The contention that consideration was paid required a reference to the evidence relating to the Webb avenue property. This was conveyed by Reikes to his wife by a deed duly recorded in May 1923, when he was financially prosperous. It was a two-family residence, part of which was occupied by Mr. and Mrs. Reikes, and the balance rented. After the conveyance, Reikes continued to treat the property in many respects as though it were still his, and the plaintiff argues that only the nominal title was intended to be vested in the wife, the beneficial interest remaining in the husband. It is extremely doubtful whether the evidence would justify such a finding. We shall assume that the conveyance was an outright valid gift. The property was subject to a mortgage of slightly more that $10,000, which in August, 1927, was increased to $20,000; the proceeds, about $8,300, being received by Mr. Reikes. He testified that he then promised his wife to give her security for the sum thus obtained, and that he carried out this promise in October, 1928, when the wife put a second mortgage of $12,500 on the property and gave him the proceeds of this mortgage. According to his testimony, the Union Square stock was transferred to his wife as security for these two advances. Reikes, as the opinion below states, "made a distinctly bad impression" as a witness. Although he was offered by the plaintiff, the trial court was not obliged to believe his testimony that the stock was assigned as security, and evidently did not believe it. There was good reason to refuse it credence. Had his wife been as insistent upon obtaining security as he testified, it is highly improbable that she would have been willing on December 14, 1928, to pledge the stock for his antecedent indebtedness of more than $20,000 to Wilk Bros., or shortly thereafter again to pledge it for his debt of $7,500 to the Fordham National Bank. Moreover, the wife's answer to the plaintiff's complaint made no claim that the stock was assigned as security, but asserted that it was sold to her in consideration of the cancellation of her husband's $10,000 debt to her, and the payment to him of the proceeds of the $12,500 mortgage. This was an admission by answer of facts in direct contradiction of her husband's testimony. The allegation that cancellation of a prior indebtedness was part of the consideration for her purchase was not sustained by any proof, but it does appear that, on the very day the stock was transferred to her, her husband received $12,500 from the second mortgage she placed upon the Webb avenue property which we have assumed to be hers. To that extent, therefore, there is credible evidence that she paid consideration for the transfer.

Therefore it is necessary to determine whether Mrs. Reikes participated in or had notice of her husband's purpose to hinder, delay, or defraud his creditors by the transfer of his Union Square stock. If she did, she cannot retain it even to the extent of the consideration paid. Baldwin v. Short, 125 N.Y. 553, 26 N.E. 928; Davis v. Leopold, 87 N.Y. 620, 621a; Levy v. Hamilton, 68 App. Div. 277, 74 N.Y.S. 159. As already noted, the only credible evidence as to the terms upon which it was turned over to her is the admission in her answer that she bought it and the proof that contemporaneously with the transfer she paid her husband $12,500. If it was sold to her for this price, the figure was grossly inadequate. In April, 1928, Reikes had valued the property at $90,000 among his list of assets; in February or March, 1929, an officer of the Fordham National Bank after investigation appraised it at $40,000. Its value on October 8, 1928, was doubtless between these figures. A sale for a grossly inadequate consideration is recognized as one of the common badges of fraud, casting doubt upon the good faith of the purchaser; and this principle is equally applicable to a conveyance from husband to wife. Lawrence Brothers v. Heylman, 111 App. Div. 848, 98 N.Y.S. 121, affirmed 189 N.Y. 573, 82 N.E. 1128; Sandman v. Seaman, 84 Hun, 337, 32 N.Y.S. 338, affirmed 156 N.Y. 164, 167, 57 N.E. 308; Humes v. Scruggs, 94 U.S. 22, 28, 24 L. Ed. 51; Bartles v. Gibson, 17 F. 293, 297 (C.C. Wis.). At least the inadequacy of the consideration was a circumstance sufficient to require the defendant to come forward and testify as to her good faith, and particularly where her husband has testified in contradiction of her claim to be a purchaser, and the stock was pledged for his debts after her alleged purchase. In the case at bar Mrs. Reikes did not testify, and we think the court properly drew an inference against her from her absence. Townley v. Polansky, 185 App. Div. 685, 688, 173 N.Y.S. 677; Dowling v. Hastings, 211 N.Y. 199, 202, 105 N.E. 194; Callan v. Statham, 23 How. 477, 479, 480, 16 L. Ed. 532; Scott v. Mead, 37 F. 865, 873 (D.C., S.D.N.Y.). She had been held in readiness throughout the trial until the final day, when a physician testified in excuse of her absence. The trial court thought the excuse insufficient, and we agree.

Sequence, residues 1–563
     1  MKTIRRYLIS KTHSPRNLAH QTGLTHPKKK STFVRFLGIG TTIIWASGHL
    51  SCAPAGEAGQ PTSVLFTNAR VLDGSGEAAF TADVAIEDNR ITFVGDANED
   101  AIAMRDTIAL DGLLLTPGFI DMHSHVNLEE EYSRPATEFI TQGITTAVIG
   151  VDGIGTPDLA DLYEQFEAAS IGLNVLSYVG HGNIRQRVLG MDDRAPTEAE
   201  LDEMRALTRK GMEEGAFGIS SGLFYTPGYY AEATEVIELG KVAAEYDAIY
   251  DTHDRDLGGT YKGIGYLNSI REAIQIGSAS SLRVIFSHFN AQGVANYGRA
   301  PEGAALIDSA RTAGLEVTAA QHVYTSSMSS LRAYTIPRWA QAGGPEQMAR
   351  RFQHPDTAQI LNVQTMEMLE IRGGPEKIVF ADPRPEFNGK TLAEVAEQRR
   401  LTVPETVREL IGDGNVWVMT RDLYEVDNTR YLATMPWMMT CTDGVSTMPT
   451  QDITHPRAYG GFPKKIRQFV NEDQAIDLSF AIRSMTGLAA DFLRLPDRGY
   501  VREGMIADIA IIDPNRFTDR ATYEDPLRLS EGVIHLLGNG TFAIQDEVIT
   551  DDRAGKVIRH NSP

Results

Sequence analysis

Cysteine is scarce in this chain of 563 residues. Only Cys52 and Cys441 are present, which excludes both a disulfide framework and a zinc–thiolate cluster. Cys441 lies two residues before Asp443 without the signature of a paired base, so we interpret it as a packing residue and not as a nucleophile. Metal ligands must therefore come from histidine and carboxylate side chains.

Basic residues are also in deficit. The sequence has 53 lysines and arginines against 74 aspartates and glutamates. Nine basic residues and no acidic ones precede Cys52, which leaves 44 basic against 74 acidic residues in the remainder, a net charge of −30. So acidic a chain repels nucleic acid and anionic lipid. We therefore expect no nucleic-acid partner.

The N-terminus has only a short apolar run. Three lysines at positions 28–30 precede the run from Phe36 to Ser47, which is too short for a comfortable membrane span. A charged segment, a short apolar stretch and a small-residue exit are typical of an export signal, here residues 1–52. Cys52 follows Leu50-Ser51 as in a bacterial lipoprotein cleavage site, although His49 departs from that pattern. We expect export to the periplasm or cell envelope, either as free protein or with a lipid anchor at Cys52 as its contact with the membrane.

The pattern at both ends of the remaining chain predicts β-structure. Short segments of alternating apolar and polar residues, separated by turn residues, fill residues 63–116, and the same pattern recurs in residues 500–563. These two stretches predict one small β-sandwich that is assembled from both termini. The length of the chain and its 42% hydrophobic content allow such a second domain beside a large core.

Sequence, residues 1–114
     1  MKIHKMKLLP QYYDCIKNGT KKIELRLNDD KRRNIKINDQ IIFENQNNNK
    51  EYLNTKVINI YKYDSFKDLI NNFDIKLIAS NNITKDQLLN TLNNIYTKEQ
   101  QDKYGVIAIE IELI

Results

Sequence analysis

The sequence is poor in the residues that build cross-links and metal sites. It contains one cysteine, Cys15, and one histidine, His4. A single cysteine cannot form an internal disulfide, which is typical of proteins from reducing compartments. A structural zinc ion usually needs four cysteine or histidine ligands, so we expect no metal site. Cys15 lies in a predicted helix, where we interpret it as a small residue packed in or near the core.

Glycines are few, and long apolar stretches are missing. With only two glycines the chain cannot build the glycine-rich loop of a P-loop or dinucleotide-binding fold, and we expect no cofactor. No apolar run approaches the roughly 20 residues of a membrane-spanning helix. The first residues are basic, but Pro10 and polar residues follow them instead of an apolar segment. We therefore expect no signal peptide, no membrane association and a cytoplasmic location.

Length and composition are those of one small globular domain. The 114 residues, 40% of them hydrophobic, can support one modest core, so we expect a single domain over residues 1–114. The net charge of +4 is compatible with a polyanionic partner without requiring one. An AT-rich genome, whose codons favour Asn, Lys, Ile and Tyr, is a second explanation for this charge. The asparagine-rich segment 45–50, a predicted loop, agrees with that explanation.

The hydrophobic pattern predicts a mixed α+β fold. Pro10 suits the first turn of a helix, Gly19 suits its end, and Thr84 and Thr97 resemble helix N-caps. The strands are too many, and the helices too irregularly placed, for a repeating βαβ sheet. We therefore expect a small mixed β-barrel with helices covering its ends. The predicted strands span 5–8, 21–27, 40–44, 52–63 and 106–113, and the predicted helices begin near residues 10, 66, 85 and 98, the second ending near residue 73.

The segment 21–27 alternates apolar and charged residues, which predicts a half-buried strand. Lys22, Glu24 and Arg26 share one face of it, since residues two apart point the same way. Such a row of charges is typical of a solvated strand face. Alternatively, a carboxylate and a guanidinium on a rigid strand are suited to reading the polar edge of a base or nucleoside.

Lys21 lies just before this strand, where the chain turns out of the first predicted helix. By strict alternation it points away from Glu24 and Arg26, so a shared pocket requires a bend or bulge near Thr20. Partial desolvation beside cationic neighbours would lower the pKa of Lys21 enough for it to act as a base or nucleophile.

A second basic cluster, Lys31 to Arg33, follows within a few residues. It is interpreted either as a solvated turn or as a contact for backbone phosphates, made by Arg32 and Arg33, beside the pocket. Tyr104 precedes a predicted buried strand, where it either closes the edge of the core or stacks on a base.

For the foregoing reasons the decree is affirmed as to the Union Square Holding Corporation stock; it is reversed as to the Webb avenue real estate and the R. & R. Development Company stock, with directions to dismiss the fifth cause of action for lack of jurisdiction.